However, you can get a general idea of the differences between the three plants.
Out of these three, the Philodendron and Pothos are the hardest to tell apart. Once you understand that mature Monstera have cuts and holes in them naturally, they become easier to tell apart.
Unfortunately, as they are all three in the same family (Araceae), they can still be challenging to tell apart, especially with younger plants. Additionally, there is a Philodendron that does get lobes in the leaves.
These leaves generally aren’t as heart-shaped as the Monsteras and are less smooth and rounded. It almost looks like something ate the leaf, rather than it being naturally that shape.
Philodendrons still have heart-shaped leaves. However, their leaves tend to be a bit wider than their length, making the heart shape seem shorter and squat rather than narrow and pointed. Also, the dip at the top where the petiole attaches is cut out, creating a more realistic heart shape at the top.
Monsteras have heart-shaped leaves as well. They usually have a big divot on the top of the leaf, making them look a little closer to Philodendrons. However, Monstera still has the largest leaf size.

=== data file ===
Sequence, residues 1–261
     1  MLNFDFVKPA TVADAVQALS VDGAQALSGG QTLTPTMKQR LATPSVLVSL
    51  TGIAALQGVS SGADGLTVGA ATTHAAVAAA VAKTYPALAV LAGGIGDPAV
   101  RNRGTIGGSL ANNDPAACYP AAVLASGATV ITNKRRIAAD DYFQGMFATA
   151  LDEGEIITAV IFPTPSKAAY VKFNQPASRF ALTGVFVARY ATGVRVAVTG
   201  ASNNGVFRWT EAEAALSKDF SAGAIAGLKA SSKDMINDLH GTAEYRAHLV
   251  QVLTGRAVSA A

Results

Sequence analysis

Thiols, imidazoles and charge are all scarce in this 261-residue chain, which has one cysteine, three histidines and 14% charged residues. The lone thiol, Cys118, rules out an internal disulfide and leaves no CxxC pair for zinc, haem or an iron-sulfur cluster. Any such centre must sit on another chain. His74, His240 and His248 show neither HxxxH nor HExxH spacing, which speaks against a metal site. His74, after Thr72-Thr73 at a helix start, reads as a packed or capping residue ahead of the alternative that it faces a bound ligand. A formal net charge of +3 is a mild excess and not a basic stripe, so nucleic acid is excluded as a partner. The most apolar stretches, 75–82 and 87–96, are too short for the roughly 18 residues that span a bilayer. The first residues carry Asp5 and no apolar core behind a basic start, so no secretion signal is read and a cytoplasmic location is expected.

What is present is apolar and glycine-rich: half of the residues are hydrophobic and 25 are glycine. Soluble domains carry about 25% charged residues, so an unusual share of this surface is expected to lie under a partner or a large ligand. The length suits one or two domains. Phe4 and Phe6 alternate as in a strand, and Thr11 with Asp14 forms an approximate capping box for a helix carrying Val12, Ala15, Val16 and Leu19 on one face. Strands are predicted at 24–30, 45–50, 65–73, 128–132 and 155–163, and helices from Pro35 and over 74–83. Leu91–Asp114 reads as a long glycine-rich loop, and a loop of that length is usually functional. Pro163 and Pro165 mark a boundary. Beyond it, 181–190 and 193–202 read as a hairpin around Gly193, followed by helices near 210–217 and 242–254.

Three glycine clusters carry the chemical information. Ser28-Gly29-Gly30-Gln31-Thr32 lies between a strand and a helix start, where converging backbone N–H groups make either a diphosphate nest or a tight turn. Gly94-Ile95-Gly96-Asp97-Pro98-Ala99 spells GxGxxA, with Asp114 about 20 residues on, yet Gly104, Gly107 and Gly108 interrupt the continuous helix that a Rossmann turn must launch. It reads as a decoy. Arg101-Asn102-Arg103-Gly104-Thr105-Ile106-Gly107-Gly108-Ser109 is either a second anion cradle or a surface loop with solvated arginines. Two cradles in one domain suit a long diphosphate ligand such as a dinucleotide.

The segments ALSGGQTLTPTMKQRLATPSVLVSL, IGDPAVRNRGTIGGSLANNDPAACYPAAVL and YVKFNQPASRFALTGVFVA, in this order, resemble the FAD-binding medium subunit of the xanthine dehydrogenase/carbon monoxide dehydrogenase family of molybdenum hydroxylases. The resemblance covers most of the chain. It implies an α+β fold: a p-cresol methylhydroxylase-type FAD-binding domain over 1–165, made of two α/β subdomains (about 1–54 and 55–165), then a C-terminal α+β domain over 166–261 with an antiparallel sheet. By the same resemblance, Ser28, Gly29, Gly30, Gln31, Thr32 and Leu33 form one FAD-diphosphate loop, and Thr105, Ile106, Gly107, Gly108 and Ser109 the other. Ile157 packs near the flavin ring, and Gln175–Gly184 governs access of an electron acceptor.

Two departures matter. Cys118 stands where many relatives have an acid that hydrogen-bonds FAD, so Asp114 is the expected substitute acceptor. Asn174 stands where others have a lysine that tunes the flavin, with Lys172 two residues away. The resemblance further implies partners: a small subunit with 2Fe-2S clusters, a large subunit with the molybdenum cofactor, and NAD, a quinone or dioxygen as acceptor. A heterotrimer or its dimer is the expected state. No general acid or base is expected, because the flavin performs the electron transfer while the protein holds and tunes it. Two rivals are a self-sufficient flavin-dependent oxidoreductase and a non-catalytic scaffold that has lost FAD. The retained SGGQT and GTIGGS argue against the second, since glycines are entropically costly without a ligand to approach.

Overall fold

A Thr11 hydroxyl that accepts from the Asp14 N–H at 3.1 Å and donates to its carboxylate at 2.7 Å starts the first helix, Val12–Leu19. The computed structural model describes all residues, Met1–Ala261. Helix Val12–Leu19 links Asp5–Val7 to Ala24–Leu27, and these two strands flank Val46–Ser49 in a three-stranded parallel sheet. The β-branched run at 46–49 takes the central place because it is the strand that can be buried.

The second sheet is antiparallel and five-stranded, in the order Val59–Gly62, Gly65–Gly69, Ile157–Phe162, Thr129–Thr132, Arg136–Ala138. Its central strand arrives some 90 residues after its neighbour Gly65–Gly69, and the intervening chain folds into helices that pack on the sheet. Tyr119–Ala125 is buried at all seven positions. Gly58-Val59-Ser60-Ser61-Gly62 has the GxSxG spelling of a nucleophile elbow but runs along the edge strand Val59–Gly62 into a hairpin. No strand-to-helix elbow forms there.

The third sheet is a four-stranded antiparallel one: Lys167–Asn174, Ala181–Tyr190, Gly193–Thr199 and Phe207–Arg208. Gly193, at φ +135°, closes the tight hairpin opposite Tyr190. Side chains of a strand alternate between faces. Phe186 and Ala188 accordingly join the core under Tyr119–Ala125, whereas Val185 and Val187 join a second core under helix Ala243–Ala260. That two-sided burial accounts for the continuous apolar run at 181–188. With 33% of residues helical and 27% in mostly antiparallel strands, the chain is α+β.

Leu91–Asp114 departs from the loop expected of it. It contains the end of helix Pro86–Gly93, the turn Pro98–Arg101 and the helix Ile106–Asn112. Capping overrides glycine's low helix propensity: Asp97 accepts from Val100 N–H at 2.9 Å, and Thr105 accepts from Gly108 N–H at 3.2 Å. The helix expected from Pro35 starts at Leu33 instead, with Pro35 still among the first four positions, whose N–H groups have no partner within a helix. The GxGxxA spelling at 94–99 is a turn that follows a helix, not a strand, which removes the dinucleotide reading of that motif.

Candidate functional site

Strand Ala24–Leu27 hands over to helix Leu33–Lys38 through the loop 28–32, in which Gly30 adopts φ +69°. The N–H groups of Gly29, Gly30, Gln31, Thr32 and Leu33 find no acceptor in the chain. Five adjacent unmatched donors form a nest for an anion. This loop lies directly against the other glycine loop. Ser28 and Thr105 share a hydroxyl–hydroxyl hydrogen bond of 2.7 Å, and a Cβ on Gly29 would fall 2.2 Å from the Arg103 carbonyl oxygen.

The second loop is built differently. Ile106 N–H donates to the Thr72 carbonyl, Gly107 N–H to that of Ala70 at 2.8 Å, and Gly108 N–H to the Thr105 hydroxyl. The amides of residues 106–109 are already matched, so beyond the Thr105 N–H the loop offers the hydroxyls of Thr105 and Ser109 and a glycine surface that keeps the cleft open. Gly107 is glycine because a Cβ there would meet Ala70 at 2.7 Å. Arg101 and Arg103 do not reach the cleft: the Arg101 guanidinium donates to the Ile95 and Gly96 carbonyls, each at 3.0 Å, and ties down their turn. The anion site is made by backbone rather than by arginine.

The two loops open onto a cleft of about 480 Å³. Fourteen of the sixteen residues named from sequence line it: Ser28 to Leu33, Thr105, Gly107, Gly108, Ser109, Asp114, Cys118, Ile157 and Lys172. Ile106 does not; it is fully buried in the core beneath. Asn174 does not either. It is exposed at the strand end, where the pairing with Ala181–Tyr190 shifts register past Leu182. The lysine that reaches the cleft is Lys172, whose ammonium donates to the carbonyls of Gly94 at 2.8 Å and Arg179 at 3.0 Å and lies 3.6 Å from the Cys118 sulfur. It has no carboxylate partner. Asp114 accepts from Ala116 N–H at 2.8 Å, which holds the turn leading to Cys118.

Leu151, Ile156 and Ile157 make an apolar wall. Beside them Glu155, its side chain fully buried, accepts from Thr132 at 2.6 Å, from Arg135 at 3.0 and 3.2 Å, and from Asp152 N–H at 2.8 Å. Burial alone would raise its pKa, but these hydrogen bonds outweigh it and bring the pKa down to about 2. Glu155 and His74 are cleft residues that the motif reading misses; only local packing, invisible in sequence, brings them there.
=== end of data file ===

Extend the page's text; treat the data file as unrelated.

If you want to take it further, Philodendron and Monstera have a rounded petiole. A Pothos has a petiole more in a c-shape, kind of like celery.
Finally, another good way to tell them apart is with new growth. Philodendrons usually have their leaves wrapped up in a cataphyll, a sheath-like structure. Most varieties also have new growth that is slightly pink or yellow.
Meanwhile, Pothos and Monstera have just the leaf that slowly opens up over time. The leaves are generally still green but may be lighter than mature growth. This is more noticeable in Pothos than Monsteras, though Monsteras are generally a little lighter in color.
Due to a long history of misclassification that is still going on, it can be hard to tell apart certain genera and groups of plants. Pothos and Monstera are two of those that are often confused for one another. Once you know the differences, it can be easy to tell them apart.
Pothos tend to have smaller leaves than Monsteras, and when looking at older plants, most Monsteras have lobed leaves full of holes and cuts, while Pothos have no cuttings on their leaves. Another distinct difference is the shape of their petioles: Pothos plants have a c-shaped petiole while Monsteras have a rounded petiole.
Generally, Pothos, also known as Devil’s Ivy, is smaller with more solid leaves and variegation. Monstera is larger and is often referred to as Swiss Cheese plants because their leaves are full of holes.